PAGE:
As more doctors and nurses return from Ebola-stricken countries in West Africa, public fears and anxiety have escalated about the possibility of contagion. Kaci Hickox, a recently returned nurse who was fighting Ebola in Sierra Leone has now also fought a controversial public battle at home that she finds extremely oppressive and unnecessary. The attempt to quarantine Hickox in her home for the duration of the virus’s 21 day incubation period via court order ended unsuccessfully on Sunday, when a judge ruled in her favor. This case highlights the dilemma over how to balance public health needs and a person’s freedom. Hickox said in a statement that her decision to go about her daily life was based on science, not politics. Meanwhile, she argues that Governor Christie’s decision to implement a quarantine policy for returning healthcare workers from stricken areas was a political, authoritative power play that would only fuel ignorance and blind fear about Ebola. While the media has labeled Hickox as selfish, I find that hard to accept because the women risked her life for those suffering overseas. Would she really do that only to return home and risk the lives of those here? I work with people from all types of various industries. I cannot tell them how to do their job, because frankly that is not my expertise. The same can be said in this situation. Before I even begin any type of new business negotiations, I do extensive research and am able to isolate every variable at play within the business I am about to evaluate. This is where I feel our government has failed us. In retrospect, I believe that this unprecedented incident is a lesson in public health protocols and policies—and not specifically the health risk itself.
The fact is that thus far; only one person has died from the virus in America—and he did not contract it in the states. While there is vague speculation fueled by fear about how the virus spreads, these worries are vastly illogical, and are not currently supported by the medical community. This could change (viruses can mutate), but the fact is that in the present moment, evidence suggests that the Ebola spreads via bodily fluids, cannot live long outside the body, and most importantly denotes that if a person is asymptomatic then they are not contagious. In conclusion, the evidence suggests that this is a difficult virus to contract. Even U.N. Secretary-General Ban Ki-moon warned on Monday against “unnecessarily” strict restrictions on the movement of health workers who have been fighting the deadly Ebola virus in West Africa.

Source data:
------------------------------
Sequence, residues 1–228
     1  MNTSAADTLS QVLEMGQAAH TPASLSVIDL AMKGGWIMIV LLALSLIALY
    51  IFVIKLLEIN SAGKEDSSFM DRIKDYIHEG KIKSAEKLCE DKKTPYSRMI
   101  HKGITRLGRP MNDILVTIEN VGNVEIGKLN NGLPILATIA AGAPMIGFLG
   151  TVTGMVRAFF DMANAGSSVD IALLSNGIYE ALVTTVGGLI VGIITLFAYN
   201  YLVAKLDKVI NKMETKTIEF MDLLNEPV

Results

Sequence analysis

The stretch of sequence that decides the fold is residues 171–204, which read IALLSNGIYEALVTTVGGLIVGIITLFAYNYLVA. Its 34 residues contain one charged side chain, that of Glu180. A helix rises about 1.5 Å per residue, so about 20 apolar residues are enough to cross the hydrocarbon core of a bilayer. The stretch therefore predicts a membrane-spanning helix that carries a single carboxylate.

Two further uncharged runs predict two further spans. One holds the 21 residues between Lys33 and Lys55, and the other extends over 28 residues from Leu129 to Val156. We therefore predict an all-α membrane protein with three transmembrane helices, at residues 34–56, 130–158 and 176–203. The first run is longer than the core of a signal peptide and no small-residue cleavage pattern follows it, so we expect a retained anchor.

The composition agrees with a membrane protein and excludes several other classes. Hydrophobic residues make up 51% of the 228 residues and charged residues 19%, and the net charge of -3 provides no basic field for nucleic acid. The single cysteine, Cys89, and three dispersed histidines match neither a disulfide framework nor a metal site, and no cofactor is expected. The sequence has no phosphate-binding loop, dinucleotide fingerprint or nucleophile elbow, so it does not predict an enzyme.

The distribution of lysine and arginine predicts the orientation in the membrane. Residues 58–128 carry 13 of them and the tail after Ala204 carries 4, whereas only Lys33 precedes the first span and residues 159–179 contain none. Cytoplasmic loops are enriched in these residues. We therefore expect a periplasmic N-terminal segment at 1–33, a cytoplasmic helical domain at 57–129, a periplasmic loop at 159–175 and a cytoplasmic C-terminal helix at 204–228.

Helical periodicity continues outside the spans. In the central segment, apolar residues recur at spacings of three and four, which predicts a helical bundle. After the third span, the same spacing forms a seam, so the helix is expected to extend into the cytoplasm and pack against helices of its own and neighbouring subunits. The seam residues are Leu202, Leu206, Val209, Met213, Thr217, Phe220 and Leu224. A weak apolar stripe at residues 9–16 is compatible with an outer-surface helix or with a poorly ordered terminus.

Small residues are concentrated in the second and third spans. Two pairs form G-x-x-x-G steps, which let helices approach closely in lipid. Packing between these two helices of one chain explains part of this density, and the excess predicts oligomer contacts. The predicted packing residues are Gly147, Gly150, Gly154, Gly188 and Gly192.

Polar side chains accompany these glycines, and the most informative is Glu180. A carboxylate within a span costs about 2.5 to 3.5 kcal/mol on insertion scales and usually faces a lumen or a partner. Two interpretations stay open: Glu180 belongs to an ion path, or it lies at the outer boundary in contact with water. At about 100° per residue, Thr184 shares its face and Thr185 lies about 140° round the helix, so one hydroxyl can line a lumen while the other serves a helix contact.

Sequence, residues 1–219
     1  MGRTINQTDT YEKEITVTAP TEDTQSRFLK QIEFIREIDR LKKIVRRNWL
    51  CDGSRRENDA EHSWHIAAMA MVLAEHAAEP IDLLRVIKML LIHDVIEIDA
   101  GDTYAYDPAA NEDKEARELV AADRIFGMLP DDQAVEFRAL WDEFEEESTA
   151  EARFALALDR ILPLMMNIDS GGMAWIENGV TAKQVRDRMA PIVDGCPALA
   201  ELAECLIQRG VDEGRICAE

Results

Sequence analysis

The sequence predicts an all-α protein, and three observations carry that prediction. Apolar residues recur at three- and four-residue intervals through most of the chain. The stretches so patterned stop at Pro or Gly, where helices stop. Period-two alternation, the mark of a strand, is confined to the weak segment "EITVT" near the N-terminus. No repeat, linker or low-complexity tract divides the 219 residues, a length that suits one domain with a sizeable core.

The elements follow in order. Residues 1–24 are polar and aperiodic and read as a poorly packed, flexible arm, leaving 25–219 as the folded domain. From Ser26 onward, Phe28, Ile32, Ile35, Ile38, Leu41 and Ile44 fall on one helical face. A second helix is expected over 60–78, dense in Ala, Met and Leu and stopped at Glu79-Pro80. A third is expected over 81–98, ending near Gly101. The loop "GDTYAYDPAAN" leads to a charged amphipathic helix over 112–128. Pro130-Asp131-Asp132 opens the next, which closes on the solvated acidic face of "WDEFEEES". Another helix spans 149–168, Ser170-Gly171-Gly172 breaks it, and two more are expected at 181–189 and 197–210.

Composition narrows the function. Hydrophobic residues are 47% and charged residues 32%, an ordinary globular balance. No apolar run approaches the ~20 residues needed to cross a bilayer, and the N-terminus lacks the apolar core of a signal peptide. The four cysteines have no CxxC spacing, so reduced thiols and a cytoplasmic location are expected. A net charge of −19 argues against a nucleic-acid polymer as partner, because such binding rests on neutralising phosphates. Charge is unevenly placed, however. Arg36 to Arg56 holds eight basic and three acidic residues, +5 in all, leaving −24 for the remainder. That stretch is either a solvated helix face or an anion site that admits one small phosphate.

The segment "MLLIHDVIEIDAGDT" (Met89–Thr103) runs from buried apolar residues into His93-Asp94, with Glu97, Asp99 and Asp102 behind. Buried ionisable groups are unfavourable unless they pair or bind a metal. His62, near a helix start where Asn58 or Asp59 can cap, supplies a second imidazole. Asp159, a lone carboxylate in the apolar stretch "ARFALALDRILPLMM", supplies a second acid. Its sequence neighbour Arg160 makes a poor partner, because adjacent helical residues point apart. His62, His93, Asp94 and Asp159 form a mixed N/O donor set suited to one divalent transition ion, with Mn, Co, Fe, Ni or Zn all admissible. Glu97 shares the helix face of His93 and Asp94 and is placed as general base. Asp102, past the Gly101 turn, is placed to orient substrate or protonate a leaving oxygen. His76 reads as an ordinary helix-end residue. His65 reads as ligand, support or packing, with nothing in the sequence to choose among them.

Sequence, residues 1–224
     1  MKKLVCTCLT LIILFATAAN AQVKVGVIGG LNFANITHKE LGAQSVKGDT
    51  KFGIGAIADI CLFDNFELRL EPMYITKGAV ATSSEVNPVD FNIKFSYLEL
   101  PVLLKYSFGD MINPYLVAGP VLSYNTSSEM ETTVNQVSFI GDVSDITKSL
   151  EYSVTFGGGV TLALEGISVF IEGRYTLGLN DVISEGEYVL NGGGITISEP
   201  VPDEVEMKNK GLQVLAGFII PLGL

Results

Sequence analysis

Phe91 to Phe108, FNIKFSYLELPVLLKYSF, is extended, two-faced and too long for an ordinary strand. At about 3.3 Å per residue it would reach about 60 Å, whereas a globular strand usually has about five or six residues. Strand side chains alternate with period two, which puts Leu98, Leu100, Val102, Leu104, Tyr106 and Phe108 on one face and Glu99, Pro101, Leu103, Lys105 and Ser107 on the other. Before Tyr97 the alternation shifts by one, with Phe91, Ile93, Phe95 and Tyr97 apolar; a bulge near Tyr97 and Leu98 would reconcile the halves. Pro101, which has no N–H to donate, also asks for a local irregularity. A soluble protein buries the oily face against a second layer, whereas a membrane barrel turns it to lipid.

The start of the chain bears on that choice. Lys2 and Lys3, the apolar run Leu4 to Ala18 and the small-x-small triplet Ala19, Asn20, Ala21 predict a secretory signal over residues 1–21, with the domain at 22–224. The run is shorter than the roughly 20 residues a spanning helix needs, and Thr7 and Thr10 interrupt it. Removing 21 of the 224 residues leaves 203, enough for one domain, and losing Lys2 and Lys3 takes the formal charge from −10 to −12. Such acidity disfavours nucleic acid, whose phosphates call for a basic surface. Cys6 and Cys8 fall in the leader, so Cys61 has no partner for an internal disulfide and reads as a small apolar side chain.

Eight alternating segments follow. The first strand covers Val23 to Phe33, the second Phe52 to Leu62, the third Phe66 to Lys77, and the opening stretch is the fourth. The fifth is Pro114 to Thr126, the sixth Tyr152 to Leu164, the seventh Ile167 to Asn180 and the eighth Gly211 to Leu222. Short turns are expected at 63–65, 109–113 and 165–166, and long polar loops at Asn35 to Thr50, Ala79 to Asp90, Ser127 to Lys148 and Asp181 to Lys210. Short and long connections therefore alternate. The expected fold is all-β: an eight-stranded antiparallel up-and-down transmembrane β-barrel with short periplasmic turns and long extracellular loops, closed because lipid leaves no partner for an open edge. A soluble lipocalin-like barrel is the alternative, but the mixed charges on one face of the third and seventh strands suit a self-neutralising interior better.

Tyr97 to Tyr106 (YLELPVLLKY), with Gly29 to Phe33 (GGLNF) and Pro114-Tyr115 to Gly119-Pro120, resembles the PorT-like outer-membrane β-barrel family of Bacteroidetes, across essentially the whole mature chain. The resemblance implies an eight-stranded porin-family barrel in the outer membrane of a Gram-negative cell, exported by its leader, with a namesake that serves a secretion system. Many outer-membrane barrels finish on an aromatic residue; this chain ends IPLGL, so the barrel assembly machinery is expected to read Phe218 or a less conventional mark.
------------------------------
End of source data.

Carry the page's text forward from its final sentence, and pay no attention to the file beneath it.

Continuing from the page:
As a businesswoman, I do not like to take chances with my clients or make deals without knowing every single factor and how each affects the sale of the whole at hand. For me, these factors are usually tied to money, but in this situation it is human lives. When I am working with a client who is trying to sell their business as quickly as possible, I urge them to not rush through the process, because the buyers will come, and they will come with lots of questions. In regards to the Ebola outbreak, the public has questions, and the government’s responses have varied with 2 different answers to every one question at times. The lack of foresight and planning is why this incident has escalated to this extent. Because the federal government failed to plan and to organize an adequate evaluation process for those coming and going from Ebola ravaged nations, some states have taken independent action initiating policies that go beyond guidelines from the U.S. Centers for Disease Control and Prevention. Twenty-one days may not seem like a long time to put a pause on one’s life, but to those whose lives have had to come to a complete standstill because of the new isolation policies would argue differently. These workers are professionals and are instructed on how to properly monitor their health for any signs of becoming sick. Even at the early onslaught of the disease, contagion is extremely minimal. Therefore, at this present time, there is no logical reason for a healthcare worker to be punished after having already worked in a situation some would deem hell on earth. These people are heroes and should be welcomed with open arms (that is until they get a fever).